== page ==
Why did Tesco fail in the U.S.?

SAN FRANCISCO, CA - APRIL 18: A sign is posted in front of a Fresh and Easy grocery store on April 18, 2013 in San Francisco, California. After three months of review, British grocer Tesco announced on Wednesday that it will attempt to sell off its 200 store grocery chain in the U.S. that has lost over $1.8 billion over the past 5 years. (Photo by Justin Sullivan/Getty Images) Justin Sullivan

(MoneyWatch) Tesco's American experiment, Fresh & Easy, has failed and the company has been lucky to hand over more than 150 of its stores to billionaire Ron Burkle's Yucaipa Cos. The deal isn't as sweet as it sounds: Tesco (TSCDF) has to lend Burkle tens of millions of dollars to take the business off its hands, and additional costs include laying off several hundred permanent staff and shutting dozens of stores. So this is a big and costly failure. But Tesco has a terrific track record in other markets -- notably eastern Europe and China. So why did it come unstuck in the U.S. -- and why do British businesses predictably fail when taking on the American market?

Tesco's timing was unfortunate; the new venture launched in 2007, just as consumer spending and taste for adventure went into sharp decline. The focus on ready meals required higher levels of spending than raw produce and it meant consumers had to be prepared to try something not radical but new: Taking home a supermarket meal in lieu of ordering a take out or cooking from scratch. This is a well established habit in Europe but less mainstream in the U.S.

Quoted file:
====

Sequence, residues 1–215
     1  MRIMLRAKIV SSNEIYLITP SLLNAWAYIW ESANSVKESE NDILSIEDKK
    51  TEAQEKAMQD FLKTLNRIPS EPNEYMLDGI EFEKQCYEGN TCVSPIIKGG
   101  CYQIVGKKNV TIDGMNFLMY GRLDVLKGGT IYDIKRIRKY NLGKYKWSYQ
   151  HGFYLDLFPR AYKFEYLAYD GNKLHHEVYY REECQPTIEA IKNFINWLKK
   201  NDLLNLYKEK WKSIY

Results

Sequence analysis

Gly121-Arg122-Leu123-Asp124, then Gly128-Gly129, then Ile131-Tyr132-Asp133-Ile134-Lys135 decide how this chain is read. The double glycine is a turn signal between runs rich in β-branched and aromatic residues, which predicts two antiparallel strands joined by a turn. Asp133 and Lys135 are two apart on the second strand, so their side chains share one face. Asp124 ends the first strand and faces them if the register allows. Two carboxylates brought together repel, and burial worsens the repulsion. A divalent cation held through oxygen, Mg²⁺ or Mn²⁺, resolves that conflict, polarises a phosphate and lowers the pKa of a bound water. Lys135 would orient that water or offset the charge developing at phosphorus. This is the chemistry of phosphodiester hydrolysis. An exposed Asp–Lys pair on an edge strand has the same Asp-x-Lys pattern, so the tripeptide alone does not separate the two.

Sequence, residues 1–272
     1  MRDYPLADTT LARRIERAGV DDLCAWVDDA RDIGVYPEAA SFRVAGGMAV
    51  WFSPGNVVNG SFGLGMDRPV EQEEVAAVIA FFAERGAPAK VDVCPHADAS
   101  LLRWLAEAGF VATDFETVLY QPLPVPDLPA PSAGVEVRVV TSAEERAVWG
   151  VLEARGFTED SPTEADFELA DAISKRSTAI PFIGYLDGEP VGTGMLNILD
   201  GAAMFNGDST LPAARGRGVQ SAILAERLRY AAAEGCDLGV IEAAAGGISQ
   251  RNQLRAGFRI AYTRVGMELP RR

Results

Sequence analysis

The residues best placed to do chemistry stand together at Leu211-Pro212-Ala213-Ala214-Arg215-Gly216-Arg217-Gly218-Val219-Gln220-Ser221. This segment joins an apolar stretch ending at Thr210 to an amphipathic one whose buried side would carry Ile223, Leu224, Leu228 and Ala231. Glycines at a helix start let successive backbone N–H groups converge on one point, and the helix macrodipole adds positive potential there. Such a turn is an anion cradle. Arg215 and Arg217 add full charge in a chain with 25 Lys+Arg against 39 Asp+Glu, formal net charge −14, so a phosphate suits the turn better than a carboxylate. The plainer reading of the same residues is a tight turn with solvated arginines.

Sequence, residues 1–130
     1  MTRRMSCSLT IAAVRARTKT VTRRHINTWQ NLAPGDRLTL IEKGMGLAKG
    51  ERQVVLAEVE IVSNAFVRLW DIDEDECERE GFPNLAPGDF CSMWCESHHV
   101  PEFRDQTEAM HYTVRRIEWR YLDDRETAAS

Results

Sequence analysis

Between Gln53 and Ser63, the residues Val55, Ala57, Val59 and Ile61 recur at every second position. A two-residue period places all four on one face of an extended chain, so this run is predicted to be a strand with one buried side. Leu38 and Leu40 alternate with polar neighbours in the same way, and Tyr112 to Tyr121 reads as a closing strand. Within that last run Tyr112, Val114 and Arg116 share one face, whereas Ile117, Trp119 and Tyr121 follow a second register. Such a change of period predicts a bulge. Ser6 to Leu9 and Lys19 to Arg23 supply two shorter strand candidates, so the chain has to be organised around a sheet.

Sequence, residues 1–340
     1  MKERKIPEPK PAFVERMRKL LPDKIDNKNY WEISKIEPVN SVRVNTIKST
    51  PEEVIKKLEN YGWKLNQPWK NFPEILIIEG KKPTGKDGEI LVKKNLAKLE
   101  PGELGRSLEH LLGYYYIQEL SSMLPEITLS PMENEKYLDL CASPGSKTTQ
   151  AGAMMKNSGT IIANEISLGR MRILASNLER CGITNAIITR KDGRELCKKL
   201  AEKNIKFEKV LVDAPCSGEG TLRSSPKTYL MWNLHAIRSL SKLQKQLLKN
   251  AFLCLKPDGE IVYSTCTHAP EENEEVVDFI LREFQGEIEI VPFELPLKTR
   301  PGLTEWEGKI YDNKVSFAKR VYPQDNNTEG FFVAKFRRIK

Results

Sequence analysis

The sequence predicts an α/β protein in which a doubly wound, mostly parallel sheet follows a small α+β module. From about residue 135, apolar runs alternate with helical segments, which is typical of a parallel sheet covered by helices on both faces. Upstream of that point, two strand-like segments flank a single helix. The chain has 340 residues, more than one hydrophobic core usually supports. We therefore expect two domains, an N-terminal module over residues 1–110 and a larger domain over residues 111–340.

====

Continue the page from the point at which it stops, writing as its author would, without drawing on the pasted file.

You can't blame the research. Tesco lavished time and resources understanding how Americans live, shop and eat. And Burkle would hardly be willing to take the stores if he felt they were doomed. The ready meal focus has worked well for Whole Foods but what's less obvious is how far down the market it retains its appeal. It ought to work -- weekday shoppers lack time to shop and ready meals are cheaper than take out. So why didn't it?

In the recession, many people had time, just no money. That reduces the market for ready meals. But more crucially, this kind of food requires a change of habit. It means you have to think differently about how you shop and what you shop for. Any marketer knows that changing habits is hard and expensive because the crucial factor is time. Time to get the message out. Time for it to sink in. Time for new habits to replace old ones.

The ghost at Tesco's feast was Marks & Spencer, the British retailer which bought Brooks Brothers, watched it decline but hung in for 13 years, finally selling the clothier at less than a third of the price it paid for it. What that disaster taught Tesco was impatience: Don't wait for the market to change -- get out now.

I'm not at all persuaded that Tesco has made the smart decision, just the easy one. Significant market growth always takes time and the best businesses don't lose their nerve easily. The real reason Tesco may be pulling out isn't because they did anything wrong in the U.S. but because their home market is proving very challenging. Assailed by competitors, they've visibly lost the plot, with poorly stocked stores, lavish but meaningless advertising and an absence of new ideas so obvious it hurts. Killing off a young venture is always easier than fixing the old one. But is it smart?

  • Margaret Heffernan On Twitter»

    Margaret Heffernan has been CEO of five businesses in the United States and United Kingdom. A speaker and writer, her most recent book Willful Blindness was shortlisted for the Financial Times Best Business Book 2011. Visit her on www.MHeffernan.com.

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